Throughout history Halloween has been debated and banned in religious circles but today seems to hold as much favoritism as Christmas for many. We see much celebration, decoration, and partying to celebrate the day. I know I go way out for the holiday.


Please drop by my blog and website and don't miss any the tricks or treats. I have a special contest going on now. For details go to my website and click on the 'Contest' page.


Thank you for having me here today.


Dayana~




12 comments:

  1. Wonderful post! This is truly one of my favorite times of the year.

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  2. Love your post. Halloween is my favorite time of year. I love all the decorations--ghosts, vampires, pumpkins--you name it. My daughter was due on Halloween, but she waited to All Souls Day to make an appearance. lol

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  3. Great post!!! I love this time of year. Sadly we are the only house on the block with decorations up but since we have filled our deck and yard I guess you can say we made up for their lack of excitement.

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  4. Loved the post, Dayana. I've got my house decorated. Our block is very 'spirited'.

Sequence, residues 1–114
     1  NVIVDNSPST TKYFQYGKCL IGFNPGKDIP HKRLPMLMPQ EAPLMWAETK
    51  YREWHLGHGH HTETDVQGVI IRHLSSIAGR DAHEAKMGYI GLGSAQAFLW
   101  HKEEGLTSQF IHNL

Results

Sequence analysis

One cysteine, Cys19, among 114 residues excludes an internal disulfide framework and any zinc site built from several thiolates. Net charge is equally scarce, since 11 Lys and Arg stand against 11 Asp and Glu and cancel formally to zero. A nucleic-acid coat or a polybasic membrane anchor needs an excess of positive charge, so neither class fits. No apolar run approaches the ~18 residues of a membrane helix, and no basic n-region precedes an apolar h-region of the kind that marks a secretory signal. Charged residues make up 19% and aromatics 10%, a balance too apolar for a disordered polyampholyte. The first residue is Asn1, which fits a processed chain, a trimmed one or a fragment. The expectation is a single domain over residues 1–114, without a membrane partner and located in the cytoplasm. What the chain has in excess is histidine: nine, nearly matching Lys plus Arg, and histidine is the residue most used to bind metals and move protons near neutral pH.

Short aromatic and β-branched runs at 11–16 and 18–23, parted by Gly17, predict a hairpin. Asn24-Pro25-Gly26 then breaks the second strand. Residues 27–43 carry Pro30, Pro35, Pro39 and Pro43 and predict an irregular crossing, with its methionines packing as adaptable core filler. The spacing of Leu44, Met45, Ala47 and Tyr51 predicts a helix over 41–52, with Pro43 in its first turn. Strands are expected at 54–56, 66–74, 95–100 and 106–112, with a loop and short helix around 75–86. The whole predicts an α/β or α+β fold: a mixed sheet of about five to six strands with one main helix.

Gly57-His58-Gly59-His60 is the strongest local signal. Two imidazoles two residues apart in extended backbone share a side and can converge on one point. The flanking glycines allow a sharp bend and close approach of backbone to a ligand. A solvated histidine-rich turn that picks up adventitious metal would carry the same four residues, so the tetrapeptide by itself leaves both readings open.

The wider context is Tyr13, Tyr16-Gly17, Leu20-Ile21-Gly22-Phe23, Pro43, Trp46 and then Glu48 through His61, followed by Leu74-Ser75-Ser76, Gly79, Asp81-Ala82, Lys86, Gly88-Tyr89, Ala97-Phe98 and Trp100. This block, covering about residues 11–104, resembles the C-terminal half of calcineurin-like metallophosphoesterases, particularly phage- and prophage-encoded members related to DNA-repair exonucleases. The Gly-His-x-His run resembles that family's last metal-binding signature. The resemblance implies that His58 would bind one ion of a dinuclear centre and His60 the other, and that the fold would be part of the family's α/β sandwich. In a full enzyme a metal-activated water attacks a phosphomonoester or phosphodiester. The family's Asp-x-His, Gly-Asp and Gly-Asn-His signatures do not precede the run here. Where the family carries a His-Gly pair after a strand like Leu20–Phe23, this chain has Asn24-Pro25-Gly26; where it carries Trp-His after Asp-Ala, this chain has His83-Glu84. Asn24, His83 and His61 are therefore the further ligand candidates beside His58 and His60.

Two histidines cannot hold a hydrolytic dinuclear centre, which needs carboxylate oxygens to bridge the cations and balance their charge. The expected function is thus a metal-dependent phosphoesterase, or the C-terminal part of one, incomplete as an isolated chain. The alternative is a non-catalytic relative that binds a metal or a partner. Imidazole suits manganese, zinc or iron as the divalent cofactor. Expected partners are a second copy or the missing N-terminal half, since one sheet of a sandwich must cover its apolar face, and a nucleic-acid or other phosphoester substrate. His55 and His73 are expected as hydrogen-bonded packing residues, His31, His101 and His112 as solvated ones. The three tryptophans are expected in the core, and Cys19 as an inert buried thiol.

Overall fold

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  5. Thank you all for stopping in to read my blog. I just love this time of year! I think I may need to take some pictures and post them on my blog, LOL

    Emma, Karen, Helen, Lill, and Mickey we are sisters of the darker side. You never know what's around the corner or in the darkest edge of forest/garden. That's the thrill.

    Paganism has always drawn me even from a very young age. I love the elements of the earth and nature so it seems natural.

    Bless you all and Happy Halloween and may you Samhain be blessed as well:)

    D~

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  6. Hi D!
    This is without a doubt my favorite time of the year! Being of the Pagan persuasion, I follow the neo-classical tradition of modern pagans by placing photos or memoribilia of deceased loved ones on a table (including pets), lighting some candles and taking a few moments to remember those who came before me. For me, it's a time to reflect and appreciate those who are no longer a part of this world.
    Autumn S.

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  7. As always... lots of great information here to be used in the future!

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  8. Autumn, thank you for sharing that little tidbit of information. I didn't know that and will definitely add it to my common Samhain/All Souls Day practice. I have lost many family members and pets recently so its a nice way to honor and remember them.

    Dayana

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  9. Hey, Catherine. Thanks for dropping by.

    Dayana

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  10. Great info on Samhain, Dayana! Halloween is one of my two favorite times of year (Christmas being the other!) and its interesting to learn more about its history.

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  11. I know it's been said but I love this time of year as well. It's not only beautiful, but it's calming to me. =) Great post!